Watch List: No Comment.

The Low Down on Reader Comments

It’s springtime 2018 on Long Island, where the smell of fertilizer is overwhelming and the filing of lawsuits against either county is all the rage. (Congratulations, BTW, to Marty Tankleff. Well deserved and long overdue.)

With spring in their step, inquisitive readers of The Watch List have questioned, with varying degrees of sensitivity, why we haven’t taken Newsday to task for suspending reader comments on Why are you sitting idly by, while First Amendment rights have been violated? What happened to the rights of the public? Have you grown soft?

To clear up the situation, let’s begin here: People, relax.

If you’ve read the comments — the work of individuals comprising the public, not the news media — you would note that every thoughtful and insightful opinion regarding a particular news story was outweighed by the sheer volume of irresponsible comments, often bordering on hate and sometimes crossing the line. There was the work of thinly-veiled political operatives, who would weigh in to stir the pot of whatever they were cooking up, along with the garden variety of malcontents and purveyors of misinformation. The spammy, you-can-make-a-fortune-working-at-home comments were often the highlight of a particular thread or, at the very least, the most helpful.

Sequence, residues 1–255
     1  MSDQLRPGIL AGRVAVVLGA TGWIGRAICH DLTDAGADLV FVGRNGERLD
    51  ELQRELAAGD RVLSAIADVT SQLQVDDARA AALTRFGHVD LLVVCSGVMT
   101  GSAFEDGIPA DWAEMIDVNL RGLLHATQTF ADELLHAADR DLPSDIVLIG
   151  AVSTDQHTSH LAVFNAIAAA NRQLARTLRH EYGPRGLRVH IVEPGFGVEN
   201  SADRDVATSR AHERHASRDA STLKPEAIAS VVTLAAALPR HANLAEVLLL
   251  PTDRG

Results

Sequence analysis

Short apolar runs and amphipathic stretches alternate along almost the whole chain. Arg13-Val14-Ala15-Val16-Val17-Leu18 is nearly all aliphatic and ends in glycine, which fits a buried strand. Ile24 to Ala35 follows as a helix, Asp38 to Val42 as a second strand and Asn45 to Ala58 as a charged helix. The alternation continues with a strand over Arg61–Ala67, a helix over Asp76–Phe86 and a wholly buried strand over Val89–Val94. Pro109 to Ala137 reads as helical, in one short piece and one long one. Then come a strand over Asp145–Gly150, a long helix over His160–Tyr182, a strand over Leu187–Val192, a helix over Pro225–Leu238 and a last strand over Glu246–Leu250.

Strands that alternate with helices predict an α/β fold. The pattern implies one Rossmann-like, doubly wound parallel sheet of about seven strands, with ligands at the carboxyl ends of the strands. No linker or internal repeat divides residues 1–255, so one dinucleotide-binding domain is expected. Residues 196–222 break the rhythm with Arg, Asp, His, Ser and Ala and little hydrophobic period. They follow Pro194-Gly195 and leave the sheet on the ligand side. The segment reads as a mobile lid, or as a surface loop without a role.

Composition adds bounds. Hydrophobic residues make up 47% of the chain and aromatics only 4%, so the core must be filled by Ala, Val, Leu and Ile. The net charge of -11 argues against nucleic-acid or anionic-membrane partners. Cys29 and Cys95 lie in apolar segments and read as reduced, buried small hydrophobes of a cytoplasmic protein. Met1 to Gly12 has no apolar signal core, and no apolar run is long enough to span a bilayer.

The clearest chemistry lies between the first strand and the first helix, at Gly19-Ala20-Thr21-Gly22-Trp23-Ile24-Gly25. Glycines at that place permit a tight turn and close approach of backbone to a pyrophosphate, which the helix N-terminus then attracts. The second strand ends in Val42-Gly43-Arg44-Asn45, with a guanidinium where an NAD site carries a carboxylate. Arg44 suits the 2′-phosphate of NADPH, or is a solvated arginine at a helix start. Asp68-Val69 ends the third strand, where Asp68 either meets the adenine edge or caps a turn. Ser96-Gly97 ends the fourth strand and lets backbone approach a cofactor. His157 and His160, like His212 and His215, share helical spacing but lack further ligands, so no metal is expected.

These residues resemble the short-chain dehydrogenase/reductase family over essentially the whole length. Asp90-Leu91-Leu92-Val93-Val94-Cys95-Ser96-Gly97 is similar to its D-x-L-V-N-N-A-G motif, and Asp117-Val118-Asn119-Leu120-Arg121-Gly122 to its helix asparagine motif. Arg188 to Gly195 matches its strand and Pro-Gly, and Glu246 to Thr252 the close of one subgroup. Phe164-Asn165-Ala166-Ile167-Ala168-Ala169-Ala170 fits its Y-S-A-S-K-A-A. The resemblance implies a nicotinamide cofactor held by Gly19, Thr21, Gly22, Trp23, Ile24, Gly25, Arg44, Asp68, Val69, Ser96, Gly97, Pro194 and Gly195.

To put it another way: The public has to shoulder responsibility for maintaining an acceptable standard of behavior in the public domain, just as the media does. Look on any social media platform and you’ll see Jane Doe and John Q. Public issuing the type of public statements no legitimate news outlet would, yet these same people will complain, usually within the same breath, that today’s media is the reason the world has gone to h-e-double-hockey-sticks-in-a-handbasket and is quite probably also the cause of holes in the ozone.

The real culprit, as we see it, is anonymity.

People commenting on a story should have their real names appearing next to their comments, the same way a news story carries the reporter’s byline. (In this age we’re living in, increased transparency in a newsroom is evermore necessary, and noting who the editors are should also now become the norm.)

Until Newsday and every other news outlet figures out how to ensure reader comments are signed off by real people with real names, the public should remember they are still free to submit letters — which, by the way, require full name, address and phone for verification purposes.

Let’s also take this opportunity to address what your fourth-grade teacher never told you about freedom of speech in this country: The First Amendment does not absolve you from being responsible for what you say.

- Jaci Clement,



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